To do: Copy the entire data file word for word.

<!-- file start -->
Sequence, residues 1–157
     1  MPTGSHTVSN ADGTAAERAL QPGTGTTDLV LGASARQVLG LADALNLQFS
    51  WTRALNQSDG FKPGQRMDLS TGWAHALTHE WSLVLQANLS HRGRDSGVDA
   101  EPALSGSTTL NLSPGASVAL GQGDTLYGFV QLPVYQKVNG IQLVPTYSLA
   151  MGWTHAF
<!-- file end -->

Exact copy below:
Sequence, residues 1–157
     1  MPTGSHTVSN ADGTAAERAL QPGTGTTDLV LGASARQVLG LADALNLQFS
    51  WTRALNQSDG FKPGQRMDLS TGWAHALTHE WSLVLQANLS HRGRDSGVDA
   101  EPALSGSTTL NLSPGASVAL GQGDTLYGFV QLPVYQKVNG IQLVPTYSLA
   151  MGWTHAF